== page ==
“My dad went in for a leg surgery, everything went well, and two days later he had a sudden heart attack and passed away.” Every time someone asks me how my dad died my instant reaction is to say just that. I keep it short and to the point. I do this because I’ve learned over the past nine years since he’s been gone people don’t ask me how he died so they can know every single detail, they ask me because they want it to seem like they care or they think it’s what they are obligated to do. It’s fine though, I’d prefer if you wouldn’t ask me about my father’s death.
It may sound rude or snarky for me to say that but after nine years unless it’s going to potentially help you with your grief I’d rather be asked other questions when the conversation of parents come up.
It’s painful for me to share the way he passed away and deal with all the sad faces and comments of sympathy that come along with it.
Because once the sad faces disappear and the comments turn into an awkward silence somehow the topic changes to something completely different and I am stuck in my own thoughts reliving the longer version of that short sentence I just gave to you.
You would think after all this time I would be use to it, I’m not, I’ll never be, and it will always give me a miserable feeling in the pit of my stomach.
There are times I just want to scream out and say, “Don’t you want to know more? Don’t you want to know who he was? Don’t you know just because he passed away doesn’t mean I don’t have memories to share in the discussion?”
You have no idea all the things I want to say about the man I called my Dad.
I’d love to tell you about the times he picked me up from the bus stop after school and “My Girl” always managed to come on the radio as I got into the car. Or the time my mom and I thought he was fighting with someone in the living room, but in reality the Raiders made a terrible play and he was just so pissed off. I want to tell you about the talks we had before bed at night. And how he would never tell me fairy tales but stories that would either teach me an important lesson about life or make me laugh so hard my stomach would hurt.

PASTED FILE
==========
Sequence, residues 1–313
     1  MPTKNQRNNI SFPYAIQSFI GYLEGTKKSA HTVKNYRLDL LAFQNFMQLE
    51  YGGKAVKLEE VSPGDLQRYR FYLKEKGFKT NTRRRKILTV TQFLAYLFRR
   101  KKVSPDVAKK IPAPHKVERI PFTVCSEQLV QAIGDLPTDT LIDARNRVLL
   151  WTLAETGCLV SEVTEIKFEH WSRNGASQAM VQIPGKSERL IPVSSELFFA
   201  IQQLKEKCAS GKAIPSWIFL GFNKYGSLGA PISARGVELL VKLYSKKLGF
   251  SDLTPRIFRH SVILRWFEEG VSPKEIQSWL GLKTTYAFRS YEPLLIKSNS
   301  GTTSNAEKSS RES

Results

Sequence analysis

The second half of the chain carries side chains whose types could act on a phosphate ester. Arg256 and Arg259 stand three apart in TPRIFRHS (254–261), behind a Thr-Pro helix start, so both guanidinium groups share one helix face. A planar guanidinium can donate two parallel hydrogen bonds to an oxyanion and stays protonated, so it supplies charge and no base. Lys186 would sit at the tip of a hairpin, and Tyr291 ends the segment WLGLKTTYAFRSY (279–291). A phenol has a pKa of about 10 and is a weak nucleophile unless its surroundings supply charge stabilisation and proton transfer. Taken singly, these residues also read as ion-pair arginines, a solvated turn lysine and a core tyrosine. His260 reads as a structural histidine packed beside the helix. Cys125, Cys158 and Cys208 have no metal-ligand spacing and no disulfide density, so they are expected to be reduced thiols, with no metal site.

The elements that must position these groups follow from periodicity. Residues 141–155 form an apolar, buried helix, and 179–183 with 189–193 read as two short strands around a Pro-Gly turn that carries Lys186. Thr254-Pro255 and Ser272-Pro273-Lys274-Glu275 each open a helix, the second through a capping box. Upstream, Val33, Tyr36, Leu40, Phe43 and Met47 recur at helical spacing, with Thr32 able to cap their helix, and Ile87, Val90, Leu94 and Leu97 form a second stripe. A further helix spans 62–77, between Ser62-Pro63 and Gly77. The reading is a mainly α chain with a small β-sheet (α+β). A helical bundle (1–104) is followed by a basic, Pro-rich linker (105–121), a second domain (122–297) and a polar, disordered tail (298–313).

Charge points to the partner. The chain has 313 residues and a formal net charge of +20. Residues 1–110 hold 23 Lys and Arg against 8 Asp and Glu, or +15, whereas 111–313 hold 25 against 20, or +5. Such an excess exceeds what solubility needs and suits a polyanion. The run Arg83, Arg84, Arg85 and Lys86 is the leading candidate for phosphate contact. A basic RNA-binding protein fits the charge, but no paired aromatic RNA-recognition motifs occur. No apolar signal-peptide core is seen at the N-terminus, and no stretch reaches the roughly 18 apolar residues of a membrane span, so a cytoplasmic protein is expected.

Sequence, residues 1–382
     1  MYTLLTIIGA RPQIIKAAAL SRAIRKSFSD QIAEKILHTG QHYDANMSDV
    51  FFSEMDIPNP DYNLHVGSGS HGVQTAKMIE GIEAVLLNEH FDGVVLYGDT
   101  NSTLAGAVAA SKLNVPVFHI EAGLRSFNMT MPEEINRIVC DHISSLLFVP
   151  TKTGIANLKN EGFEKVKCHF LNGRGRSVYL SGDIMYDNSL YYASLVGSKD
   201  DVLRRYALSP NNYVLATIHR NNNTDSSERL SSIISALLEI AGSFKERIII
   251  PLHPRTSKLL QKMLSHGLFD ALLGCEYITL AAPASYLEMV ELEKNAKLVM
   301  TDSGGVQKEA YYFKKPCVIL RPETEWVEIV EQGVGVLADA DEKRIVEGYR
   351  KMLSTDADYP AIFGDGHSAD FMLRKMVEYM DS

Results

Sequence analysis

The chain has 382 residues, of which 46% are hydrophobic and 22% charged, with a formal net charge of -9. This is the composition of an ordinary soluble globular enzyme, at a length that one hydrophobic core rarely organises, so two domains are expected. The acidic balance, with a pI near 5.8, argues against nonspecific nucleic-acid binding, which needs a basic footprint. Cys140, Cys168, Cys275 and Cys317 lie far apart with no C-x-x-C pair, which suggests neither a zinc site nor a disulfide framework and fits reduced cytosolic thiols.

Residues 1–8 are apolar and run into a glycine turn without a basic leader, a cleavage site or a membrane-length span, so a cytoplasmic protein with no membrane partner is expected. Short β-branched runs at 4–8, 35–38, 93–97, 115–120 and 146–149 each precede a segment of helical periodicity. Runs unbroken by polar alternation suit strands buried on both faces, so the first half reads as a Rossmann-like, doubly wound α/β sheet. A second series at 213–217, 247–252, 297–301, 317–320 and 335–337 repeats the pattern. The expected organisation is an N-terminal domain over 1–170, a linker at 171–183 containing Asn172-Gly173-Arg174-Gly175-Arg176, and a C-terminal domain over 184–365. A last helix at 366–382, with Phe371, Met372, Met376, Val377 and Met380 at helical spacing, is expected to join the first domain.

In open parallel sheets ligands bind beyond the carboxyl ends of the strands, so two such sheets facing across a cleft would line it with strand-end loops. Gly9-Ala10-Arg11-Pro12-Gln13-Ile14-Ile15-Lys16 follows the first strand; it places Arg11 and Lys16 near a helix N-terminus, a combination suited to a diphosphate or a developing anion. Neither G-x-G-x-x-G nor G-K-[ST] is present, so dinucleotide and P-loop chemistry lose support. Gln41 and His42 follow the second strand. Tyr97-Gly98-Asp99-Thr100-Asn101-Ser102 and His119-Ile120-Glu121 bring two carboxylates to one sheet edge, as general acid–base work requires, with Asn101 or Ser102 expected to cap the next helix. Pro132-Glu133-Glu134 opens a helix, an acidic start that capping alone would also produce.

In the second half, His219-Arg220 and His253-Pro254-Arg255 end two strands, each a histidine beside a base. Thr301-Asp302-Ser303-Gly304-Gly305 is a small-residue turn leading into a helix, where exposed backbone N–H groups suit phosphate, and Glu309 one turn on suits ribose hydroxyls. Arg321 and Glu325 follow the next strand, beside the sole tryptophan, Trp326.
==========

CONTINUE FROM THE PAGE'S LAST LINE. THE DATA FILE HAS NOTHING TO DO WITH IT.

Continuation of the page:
I’d love to tell you how many times a day he told me he loved me or what his face looked like when my mom walked into the room. I’d like to talk about how his favorite color was blue, how he tanned in the matter of two seconds, and how he had a guilty pleasure for KFC and Chinese food but hated “fake” Italian food. I’d want to boast about all the good things he did for people and how he never asked for anything in return except for loyalty and friendship. I would love to share the little moments with you like when he held my hands on the couch because mine were always cold and his were always warm.
I want to tell people about the day I “helped” my dad and mom take down the ugly wallpaper in my room and paint it my favorite color. Which in reality was his favorite color. And there is nothing I’d love more than to share with you my favorite moment, a simple father daughter dance I was lucky to have with him at my communion and how in that moment I could feel every ounce of his love he had for me.
I would love to share every single positive memory I have with my father because there are so many more of those than the negative ones that I’m asked to share.
Life is so much longer and memorable and yet we focus on death, which is just so short and not preventable. So I beg you please stop asking me how my father died and start asking me how my father lived. I can guarantee those stories will involve laughter and happy tears instead of awkward silences and topic changes. Because I know it’s not just what I want but it’s what he would have wanted.